Aug 31, 2012, 10:44 AM
Gambian young people are always a target for the country’s politicians, especially during elections.
Now that it is time for another presidential election, the young people should be asking the politicians what they plan to do for them.
Knowing fully that young people account for a greater percentage of the eligible voters, no politician would want to make the mistake of leaving them out in their campaign.
They are used to joining campaign trails to convince fellow youths and their parents and sisters to vote for the party of their choice.
Gambian youngsters need more skills centres, more decent jobs, access to quality healthcare, access to affordable and quality higher education, more recreational facilities, etc. We also want our rights and freedom to be respected at all times.
We (I mean the youth) know this very well! Now the question is what should stop us from telling these and many other problems we have to our politicians in a more responsible manner.
The politicians need our votes for them to get to State House and we need developments and beneficial projects and programmes they could do for us to change our lives for the better, if only they are committed to the course of developing the country and the youth.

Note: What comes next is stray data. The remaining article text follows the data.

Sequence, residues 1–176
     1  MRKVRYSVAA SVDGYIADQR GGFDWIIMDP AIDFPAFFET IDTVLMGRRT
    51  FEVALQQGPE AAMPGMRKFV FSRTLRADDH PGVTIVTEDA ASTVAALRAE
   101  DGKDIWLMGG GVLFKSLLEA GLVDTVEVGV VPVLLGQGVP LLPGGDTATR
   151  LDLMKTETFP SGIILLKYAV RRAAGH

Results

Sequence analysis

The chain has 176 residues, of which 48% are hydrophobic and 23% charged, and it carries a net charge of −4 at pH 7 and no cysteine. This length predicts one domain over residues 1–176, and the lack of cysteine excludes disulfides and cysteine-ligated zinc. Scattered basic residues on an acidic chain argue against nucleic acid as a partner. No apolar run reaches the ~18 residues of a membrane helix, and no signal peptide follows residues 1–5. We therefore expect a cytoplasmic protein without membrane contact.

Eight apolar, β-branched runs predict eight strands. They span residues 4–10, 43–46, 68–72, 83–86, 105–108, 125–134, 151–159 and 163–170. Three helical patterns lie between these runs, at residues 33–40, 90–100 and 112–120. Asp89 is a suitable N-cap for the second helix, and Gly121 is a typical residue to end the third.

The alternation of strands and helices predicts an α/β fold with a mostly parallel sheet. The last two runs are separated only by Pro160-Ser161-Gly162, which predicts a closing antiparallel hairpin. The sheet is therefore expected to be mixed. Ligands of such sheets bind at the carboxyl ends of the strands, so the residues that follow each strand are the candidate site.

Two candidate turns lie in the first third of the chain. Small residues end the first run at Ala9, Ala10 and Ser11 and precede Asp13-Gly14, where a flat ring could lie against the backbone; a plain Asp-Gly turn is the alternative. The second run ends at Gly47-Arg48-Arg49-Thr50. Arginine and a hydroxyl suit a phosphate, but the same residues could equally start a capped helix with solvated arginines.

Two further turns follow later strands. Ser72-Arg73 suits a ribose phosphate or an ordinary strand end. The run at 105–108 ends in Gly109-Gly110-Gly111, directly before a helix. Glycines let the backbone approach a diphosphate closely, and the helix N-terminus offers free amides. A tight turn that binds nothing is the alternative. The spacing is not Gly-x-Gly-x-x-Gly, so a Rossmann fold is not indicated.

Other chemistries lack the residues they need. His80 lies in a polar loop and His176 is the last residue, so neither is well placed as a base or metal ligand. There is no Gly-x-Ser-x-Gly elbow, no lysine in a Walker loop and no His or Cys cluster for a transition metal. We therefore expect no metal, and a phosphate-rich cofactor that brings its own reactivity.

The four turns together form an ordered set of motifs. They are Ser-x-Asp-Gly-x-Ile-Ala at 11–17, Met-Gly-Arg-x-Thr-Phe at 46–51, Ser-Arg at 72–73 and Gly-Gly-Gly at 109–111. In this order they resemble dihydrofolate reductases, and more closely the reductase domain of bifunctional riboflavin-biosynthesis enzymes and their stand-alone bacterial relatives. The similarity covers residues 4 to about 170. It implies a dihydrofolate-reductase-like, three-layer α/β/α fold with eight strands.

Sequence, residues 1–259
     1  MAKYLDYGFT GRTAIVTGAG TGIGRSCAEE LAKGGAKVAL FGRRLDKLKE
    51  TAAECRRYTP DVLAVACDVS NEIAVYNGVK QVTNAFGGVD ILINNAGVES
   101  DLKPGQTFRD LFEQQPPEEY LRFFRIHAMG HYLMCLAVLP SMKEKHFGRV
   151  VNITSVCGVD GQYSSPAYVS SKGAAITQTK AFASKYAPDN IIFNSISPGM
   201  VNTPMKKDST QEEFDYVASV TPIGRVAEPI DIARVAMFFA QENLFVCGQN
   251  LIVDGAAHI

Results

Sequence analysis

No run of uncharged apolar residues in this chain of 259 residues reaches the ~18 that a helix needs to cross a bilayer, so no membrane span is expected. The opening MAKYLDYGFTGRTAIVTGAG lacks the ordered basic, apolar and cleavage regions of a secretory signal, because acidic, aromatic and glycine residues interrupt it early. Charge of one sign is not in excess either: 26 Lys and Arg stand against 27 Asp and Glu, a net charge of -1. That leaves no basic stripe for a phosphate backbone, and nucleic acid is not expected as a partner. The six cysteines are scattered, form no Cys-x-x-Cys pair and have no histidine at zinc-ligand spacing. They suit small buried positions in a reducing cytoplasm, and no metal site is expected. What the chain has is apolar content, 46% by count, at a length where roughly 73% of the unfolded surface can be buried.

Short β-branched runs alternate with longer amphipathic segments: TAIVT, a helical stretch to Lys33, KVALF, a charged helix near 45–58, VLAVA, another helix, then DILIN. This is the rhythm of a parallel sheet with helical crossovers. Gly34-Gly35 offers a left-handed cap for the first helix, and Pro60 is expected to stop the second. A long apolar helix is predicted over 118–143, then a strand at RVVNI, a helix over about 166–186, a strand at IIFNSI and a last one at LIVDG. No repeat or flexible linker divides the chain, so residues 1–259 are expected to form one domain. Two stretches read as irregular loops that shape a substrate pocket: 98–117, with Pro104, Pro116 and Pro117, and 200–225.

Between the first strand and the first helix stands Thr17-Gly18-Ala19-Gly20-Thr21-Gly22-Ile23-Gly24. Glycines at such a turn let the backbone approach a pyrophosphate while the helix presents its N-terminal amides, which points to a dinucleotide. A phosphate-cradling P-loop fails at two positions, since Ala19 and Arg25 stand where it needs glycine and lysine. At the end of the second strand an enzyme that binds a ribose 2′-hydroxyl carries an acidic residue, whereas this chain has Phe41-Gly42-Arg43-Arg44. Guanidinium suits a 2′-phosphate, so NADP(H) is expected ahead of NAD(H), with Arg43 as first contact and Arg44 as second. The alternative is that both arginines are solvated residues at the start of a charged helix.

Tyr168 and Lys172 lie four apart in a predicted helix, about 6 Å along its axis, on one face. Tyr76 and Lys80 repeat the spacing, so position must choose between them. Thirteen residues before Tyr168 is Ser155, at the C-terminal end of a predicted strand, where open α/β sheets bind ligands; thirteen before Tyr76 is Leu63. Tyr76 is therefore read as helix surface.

The youth leaders in our communities who are normally chosen to speak on behalf of the young people at political rallies should not be selfish but rather tell the presidential aspirants what the youth really need.
Now that the official campaign is just about to start for the race to State House, we should put more pressure on politicians to make our welfare a priority.
Going by the records, it is clear that young voters in elections tend to be less reliable as far as voting figures are concerned as compared to older ones.
Many young voters can be considered unreliable segment since they most times do not turn out at the polls as consistently as older voters. This trend must change because our lives and future are determined by the votes or the type of people our nation votes in to run the affairs of our country, thus youth must be seen to be voting in large numbers to also contribute to the decision-making process of their country.
Young people of The Gambia should by now know the value of their votes and also realise the need for them to actively participate in the electoral process of the country.